Highlights, Lowlights and Panoramas
24.08.2009 - 05.10.2009 20 °C
Mahabodhi Temple and the Bodhi Tree
An unexpected highlight of my Indian travels was a trip to Bodh Gaya to see the Mahabodhi Temple, the place where Buddha gained enlightenment while he sat under the Bodhi tree. In essence, it is the place where the Buddhist philosophy began.
On entering the Heritage Park, the noises & bustle of India were replaced by the peace & serenity of the park and its followers. A very mild mannered guide offered to show me around, but I refused, as I wanted to check it out , on my own, in my own time.
I loved The place I had to see first was the “Tree”, so I walked around the back of the temple to see it. It is not the original tree but a descendant of it and while sitting quietly in front of it, I imagined a meditating Buddha sitting there. Why here?
As I walked around the grounds, but I kept on being drawn back to the tree and it occurred to me, that if ever there was a place for a novice to learn how to meditate, this must be it. So I meditated for what seemed like 5 minutes but when I checked my watch, it had been over half an hour.
After such a successful meditating session it also seemed that this was also the place to pray for people. So I started "remembering or praying" for my family, departed parents and then this broadened this out to cover my extended family and friends. I repeated my family again just in case, the wording I had used in my early “Pray Fors”, was not up to scratch. I finished at the end with anyone else I thought was worth a mentioning or could remember, such as Cliff Wooley, an early mentor, horse trader and riding instructor and then recalled the time at the Nelson Agriculture Show, when his daughter’s gig was kicked apart by a big white, high stepping horse. The usually well-mannered trap horse just arched its back & quickly reduced the gig to kindling and Melva pretty much gave up showing & driving horses after that.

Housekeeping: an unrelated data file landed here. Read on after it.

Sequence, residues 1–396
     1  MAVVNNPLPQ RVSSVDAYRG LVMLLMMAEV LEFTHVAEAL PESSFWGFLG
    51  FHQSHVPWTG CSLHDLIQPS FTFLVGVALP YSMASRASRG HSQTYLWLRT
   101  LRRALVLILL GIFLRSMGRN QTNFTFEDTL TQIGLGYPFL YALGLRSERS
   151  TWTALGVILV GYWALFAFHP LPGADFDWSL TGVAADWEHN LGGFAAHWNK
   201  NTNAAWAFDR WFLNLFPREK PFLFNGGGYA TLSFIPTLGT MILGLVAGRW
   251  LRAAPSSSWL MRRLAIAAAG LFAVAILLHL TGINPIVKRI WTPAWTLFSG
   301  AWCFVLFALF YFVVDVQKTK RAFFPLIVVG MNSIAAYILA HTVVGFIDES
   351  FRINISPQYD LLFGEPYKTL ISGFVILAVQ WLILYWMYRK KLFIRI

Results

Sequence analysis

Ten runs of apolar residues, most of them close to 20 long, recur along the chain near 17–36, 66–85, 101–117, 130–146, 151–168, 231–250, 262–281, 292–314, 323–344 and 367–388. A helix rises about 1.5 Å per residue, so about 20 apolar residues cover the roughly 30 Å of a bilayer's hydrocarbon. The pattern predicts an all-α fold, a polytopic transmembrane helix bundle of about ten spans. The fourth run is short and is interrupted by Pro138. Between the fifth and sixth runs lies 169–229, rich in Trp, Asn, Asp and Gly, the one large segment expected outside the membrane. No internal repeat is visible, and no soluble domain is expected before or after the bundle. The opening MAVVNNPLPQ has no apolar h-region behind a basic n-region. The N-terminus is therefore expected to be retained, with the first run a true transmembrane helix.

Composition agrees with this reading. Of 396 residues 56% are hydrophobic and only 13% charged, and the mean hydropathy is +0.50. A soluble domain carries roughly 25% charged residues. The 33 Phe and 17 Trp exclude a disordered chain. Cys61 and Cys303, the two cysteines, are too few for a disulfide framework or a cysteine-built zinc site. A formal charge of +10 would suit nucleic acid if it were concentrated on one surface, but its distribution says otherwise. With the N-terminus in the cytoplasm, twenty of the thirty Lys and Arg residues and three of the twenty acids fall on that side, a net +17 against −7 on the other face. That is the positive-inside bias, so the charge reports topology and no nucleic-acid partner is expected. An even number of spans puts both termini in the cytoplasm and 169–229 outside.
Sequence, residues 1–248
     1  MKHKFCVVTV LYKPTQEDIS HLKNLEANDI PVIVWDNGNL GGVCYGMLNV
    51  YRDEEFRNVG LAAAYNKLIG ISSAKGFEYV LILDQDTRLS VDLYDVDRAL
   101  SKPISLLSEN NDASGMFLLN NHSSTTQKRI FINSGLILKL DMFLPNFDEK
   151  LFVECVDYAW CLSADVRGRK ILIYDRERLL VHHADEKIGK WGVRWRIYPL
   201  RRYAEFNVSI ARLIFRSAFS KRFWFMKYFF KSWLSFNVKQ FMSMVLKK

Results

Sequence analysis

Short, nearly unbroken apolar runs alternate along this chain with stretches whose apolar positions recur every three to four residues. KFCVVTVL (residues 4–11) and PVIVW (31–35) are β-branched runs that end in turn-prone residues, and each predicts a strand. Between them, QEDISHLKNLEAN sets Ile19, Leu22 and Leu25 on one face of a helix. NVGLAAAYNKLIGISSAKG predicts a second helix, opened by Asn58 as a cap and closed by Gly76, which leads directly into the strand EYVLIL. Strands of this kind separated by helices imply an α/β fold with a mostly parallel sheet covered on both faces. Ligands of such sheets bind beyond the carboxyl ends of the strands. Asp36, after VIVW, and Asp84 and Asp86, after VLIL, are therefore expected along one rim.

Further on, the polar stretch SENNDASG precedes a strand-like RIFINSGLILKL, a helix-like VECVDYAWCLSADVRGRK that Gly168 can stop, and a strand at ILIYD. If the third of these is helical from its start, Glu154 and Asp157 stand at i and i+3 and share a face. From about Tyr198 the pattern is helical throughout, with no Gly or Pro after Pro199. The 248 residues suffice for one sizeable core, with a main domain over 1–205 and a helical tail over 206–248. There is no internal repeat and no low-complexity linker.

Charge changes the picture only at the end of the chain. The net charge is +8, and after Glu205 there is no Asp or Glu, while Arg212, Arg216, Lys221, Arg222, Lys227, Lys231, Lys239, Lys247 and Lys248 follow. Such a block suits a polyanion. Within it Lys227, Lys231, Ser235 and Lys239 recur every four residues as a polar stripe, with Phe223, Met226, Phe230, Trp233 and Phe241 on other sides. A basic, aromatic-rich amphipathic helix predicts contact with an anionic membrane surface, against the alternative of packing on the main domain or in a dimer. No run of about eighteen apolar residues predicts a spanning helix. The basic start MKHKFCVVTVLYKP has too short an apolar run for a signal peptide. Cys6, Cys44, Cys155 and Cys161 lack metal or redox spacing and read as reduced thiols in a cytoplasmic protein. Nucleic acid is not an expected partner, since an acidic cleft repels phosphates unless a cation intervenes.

I finished with a another quick prayer for the departed and noted that the odd tear was starting to run down my cheeks. So I just sat there staring at the tree waiting for the emotional regret to pass, it eventually did, but surfaced again when I started to walk around the temple a couple of times to finish my visit. I must have looked a bit of a cot case, walking around the temple with tears running down my face.
I also spent a bit more time visiting couple of other temples nearby that also celebrate Buddha’s enlightenment and found myself at dusk looking for an auto-rickshaw to take me the 20 kilometres back to the station, to catch the evening train back to Varanasi.
So I approach one of the few rickshaw drivers left there and asked for a price to get to take me to the station. He realises I am trapped quarry and asks for 200 Rupees, 10 times what I paid to get there. I told him "he would have to be fucking joking" but he wasn’t. Eventually I managed to get a ride in a horse drawn cart, to take me the couple of kms back to the main road where hopefully where there are more rickshaws so I could barter a better price.